Reaffirming liberty

October 01, 2004

JUST BECAUSE THE FBI says so isn't a good enough reason to trample rights guaranteed Americans in the First and Fourth amendments, a U.S. District Court judge ruled Wednesday. Not much of a stretch to figure that one out, but count on the administration to appeal the decision.

Judge Victor Marrero struck down the piece of the USA Patriot Act that allowed the FBI - without judicial oversight or finding of probable cause - to order Internet-access and telephone firms to hand over customer records and never tell anyone that they had done it. Not their lawyers, not their customers, not their great-great-grandchildren 50 years from now. One such provider finally did tell a lawyer, which is how the lawsuit got filed, but hundreds of others have held their tongues, according to Judge Marrero.

If this decision stands, it could also negate the "national security letters" that also are served on banks, financial firms and credit reporting centers, as well as eternal gag orders.

FOR THE RECORD - An editorial Friday about a judge's ruling on federal surveillance powers incorrectly referred to the powers as a piece of the Patriot Act. The powers were established under a 1986 law, and were modified under the Patriot Act. The Sun regrets the error.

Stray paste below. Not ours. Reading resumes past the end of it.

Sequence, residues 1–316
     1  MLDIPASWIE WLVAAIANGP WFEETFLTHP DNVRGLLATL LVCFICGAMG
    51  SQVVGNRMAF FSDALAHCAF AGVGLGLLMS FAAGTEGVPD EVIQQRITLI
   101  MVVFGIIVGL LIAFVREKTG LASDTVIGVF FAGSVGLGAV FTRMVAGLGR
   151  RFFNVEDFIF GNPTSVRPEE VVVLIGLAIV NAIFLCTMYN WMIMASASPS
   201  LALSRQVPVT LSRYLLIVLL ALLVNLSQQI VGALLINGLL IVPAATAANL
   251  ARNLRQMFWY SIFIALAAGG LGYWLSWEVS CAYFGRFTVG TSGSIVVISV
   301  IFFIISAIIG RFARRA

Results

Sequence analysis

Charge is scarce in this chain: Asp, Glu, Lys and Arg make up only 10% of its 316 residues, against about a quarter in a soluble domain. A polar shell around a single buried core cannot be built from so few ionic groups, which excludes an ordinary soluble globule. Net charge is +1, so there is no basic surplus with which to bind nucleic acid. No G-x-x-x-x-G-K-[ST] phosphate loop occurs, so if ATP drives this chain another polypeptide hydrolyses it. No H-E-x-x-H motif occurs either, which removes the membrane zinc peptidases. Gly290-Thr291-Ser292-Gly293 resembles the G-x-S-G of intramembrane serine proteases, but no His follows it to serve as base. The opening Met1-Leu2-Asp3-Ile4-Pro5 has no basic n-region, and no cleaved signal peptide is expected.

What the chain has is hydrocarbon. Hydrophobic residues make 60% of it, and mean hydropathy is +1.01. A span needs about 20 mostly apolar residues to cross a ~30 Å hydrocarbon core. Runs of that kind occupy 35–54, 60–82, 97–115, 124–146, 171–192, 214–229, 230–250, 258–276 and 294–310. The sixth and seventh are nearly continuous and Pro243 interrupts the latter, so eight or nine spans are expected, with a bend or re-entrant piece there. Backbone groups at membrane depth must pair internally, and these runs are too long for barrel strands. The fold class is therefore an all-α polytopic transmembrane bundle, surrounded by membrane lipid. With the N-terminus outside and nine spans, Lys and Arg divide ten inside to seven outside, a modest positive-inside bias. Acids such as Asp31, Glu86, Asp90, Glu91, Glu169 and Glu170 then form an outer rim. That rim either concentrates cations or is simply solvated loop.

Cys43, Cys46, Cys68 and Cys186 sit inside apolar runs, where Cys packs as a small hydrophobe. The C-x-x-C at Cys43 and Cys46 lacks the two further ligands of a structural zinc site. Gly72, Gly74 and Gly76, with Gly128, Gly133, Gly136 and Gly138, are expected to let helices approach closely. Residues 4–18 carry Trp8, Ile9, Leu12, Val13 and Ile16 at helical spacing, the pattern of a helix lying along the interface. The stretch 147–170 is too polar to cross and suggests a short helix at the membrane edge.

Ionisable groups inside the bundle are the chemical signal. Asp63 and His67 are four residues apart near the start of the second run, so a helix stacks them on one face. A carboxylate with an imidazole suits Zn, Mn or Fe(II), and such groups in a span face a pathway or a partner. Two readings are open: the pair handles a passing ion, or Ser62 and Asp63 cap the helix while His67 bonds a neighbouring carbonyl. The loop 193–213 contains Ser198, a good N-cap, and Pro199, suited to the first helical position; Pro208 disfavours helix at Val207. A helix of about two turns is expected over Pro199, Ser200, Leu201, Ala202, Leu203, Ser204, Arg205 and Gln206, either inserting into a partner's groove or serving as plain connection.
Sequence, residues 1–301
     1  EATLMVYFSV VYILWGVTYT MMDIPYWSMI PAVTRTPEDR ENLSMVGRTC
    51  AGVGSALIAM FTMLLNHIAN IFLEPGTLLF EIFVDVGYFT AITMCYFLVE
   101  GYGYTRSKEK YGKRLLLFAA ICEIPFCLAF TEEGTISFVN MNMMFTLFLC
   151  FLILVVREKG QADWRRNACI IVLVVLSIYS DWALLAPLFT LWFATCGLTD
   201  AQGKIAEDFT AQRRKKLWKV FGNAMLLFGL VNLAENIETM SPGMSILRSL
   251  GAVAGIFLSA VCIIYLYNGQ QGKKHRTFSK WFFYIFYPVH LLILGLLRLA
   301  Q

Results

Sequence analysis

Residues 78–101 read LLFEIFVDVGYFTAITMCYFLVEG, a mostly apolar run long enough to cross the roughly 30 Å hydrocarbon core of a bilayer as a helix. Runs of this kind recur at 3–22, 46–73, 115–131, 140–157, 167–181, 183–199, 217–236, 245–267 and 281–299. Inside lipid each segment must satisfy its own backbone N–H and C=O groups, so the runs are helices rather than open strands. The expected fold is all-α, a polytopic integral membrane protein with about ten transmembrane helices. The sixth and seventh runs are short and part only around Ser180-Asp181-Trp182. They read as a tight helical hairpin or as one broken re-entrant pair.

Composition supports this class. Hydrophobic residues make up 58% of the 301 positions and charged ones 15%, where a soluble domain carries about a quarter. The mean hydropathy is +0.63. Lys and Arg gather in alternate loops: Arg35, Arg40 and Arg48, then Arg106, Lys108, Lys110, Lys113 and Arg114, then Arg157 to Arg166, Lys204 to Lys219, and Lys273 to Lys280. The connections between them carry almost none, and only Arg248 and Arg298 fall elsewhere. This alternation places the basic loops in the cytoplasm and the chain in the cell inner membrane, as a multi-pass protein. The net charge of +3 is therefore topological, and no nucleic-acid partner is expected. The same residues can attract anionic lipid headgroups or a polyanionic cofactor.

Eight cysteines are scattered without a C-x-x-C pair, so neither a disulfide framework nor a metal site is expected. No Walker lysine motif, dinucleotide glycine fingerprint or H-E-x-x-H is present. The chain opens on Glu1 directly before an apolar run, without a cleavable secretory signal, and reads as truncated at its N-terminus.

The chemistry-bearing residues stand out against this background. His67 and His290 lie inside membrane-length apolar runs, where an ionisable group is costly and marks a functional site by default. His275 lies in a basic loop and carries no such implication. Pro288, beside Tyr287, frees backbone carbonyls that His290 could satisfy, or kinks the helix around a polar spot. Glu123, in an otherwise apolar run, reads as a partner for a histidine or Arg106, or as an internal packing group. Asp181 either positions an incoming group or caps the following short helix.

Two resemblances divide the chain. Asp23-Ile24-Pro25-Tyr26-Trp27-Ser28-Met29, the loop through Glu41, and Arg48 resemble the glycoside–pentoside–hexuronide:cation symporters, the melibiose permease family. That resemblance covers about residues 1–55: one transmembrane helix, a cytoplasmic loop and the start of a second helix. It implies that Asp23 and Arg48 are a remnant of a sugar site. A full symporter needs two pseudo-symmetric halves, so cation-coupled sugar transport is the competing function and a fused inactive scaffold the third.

These letters, a form of administrative subpoena, have been used to investigate the doings of suspected terrorists or spies, but under the 2001 Patriot Act, their use was extended to those whom the FBI believes are "relevant" to a terrorism investigation. Worded that way, in a "six degrees of separation" society knit closer by its growing electronic ties, nearly everyone could be found relevant.

What if a suspected terrorist - or someone with the same name - sent spam e-mail to every member of Congress? The FBI could look at all other e-records for senators and representatives without showing cause and without telling them, and forbidding their Internet service providers from telling them, either.

Americans don't need to give up their right to contest government searches in order to be safe. They shouldn't be gagged in perpetuity - also called prior restraint on free speech - without a chance to ask a judge why. They shouldn't be cowed by a sternly worded directive from the FBI threatening them with legal action for not complying when in fact they do not have to comply; they can force the department to ask a judge for a standard warrant.

There is plenty of good in the 350-plus-page Patriot Act, a few parts of which are due to expire in 2005. This search procedure, though, is one that needs fixing. Saving time by not getting a straightforward warrant, which can include a gag order if the FBI proves it's needed, isn't tradeoff enough for losing guaranteed civil rights.

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